Silence. The blade that entered the man’s body is so sharp, he doesn’t yet feel it. Melai doesn’t yet know why the hand holding him is suddenly limp. Lynn hasn’t yet processed what just happened. Neither has Isabel, and she’s the one holding the dagger.
Azary begins to laugh.
Fury. The man lets out an angry scream, turning to swat away the girl who dared to attack him. Blood sprays out in an arc with his movement, hitting Isabel’s dress. He collapses by the time he faces her. Lynn has pulled out something dark and sharp from her bag. “Get him!” she yells, and a clawed screeching blob flies out of it at the face of another man.
Movement. Lynn pushes Melai forward as she rushes to grab Isabel’s hand. Tamara draws her weapon. The man attacked by the clawed thing stumbles backwards, disappearing into the Shadow. Melai jumps over the prone thug. Blood drips from Isabel’s dagger. Lynn yanks Isabel after her. They run.
“Well, that was an amusing diversion,” says Azary, “After them.”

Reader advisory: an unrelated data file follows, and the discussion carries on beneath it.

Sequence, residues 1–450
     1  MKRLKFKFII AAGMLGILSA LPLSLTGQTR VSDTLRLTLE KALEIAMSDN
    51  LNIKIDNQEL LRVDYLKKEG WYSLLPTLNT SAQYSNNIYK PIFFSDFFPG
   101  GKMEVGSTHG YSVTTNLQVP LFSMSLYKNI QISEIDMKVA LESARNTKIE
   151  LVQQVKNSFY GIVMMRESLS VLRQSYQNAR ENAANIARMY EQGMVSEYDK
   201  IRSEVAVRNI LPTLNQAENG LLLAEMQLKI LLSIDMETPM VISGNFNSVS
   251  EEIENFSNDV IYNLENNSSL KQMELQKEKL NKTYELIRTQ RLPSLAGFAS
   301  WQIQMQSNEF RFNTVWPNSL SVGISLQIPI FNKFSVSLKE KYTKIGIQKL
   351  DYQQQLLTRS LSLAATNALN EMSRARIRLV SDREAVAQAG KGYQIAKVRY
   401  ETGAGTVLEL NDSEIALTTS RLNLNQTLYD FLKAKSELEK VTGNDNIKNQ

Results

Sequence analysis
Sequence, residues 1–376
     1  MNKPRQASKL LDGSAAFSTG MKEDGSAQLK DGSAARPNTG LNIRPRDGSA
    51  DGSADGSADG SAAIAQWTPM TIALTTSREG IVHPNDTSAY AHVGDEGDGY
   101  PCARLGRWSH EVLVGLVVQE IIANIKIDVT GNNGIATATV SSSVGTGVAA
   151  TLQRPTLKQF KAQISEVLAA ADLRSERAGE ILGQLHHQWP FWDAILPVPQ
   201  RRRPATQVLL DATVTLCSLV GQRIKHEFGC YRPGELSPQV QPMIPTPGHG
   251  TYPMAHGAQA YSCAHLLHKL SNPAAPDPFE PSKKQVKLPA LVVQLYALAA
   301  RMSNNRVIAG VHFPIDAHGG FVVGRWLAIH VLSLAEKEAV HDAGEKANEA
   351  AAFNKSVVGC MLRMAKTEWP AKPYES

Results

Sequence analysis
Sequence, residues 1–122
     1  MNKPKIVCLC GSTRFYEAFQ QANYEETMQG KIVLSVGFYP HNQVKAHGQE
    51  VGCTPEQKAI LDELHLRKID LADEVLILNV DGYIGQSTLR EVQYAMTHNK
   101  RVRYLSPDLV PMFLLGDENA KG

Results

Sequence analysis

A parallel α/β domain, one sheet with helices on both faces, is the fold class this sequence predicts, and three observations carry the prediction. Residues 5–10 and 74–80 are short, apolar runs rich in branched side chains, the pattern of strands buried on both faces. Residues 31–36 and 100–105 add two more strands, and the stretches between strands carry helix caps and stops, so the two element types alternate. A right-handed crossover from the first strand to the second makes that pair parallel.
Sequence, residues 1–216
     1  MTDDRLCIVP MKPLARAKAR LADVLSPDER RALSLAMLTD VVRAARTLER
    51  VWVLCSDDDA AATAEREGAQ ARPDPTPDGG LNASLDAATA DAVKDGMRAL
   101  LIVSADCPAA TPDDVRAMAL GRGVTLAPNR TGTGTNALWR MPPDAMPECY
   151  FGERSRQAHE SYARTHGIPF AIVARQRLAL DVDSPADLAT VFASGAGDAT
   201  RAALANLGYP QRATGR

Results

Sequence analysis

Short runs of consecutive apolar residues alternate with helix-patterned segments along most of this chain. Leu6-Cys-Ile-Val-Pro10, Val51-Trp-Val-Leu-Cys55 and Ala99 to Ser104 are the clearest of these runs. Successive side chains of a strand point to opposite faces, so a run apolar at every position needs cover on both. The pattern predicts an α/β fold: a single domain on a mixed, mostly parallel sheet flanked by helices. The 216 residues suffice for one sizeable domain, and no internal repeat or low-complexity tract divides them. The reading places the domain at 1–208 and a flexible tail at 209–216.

Isabel would be lost here, in the half-ruined remnants of the old Valenar drowning in the Shadow, if not for Lynn. Is it the familiarity with this part of town, she would wonder soon, or the glow of her eyes that allows her to navigate their path so easily? But right now, all Isabel could do was run. Melai kept up effortlessly, his long legs outpacing the girls. Shouts of their pursuers propelled them forward.
Just as Isabel was starting to run out of breath, she saw the safety of lit streets was within reach. Blazing through the clutching Shadow, a daylight crystal had appeared from around a corner. Instead of leading them towards the light, however, Lynn suddenly took a sharp turn. When Isabel tried to voice an objection, Lynn hissed at her.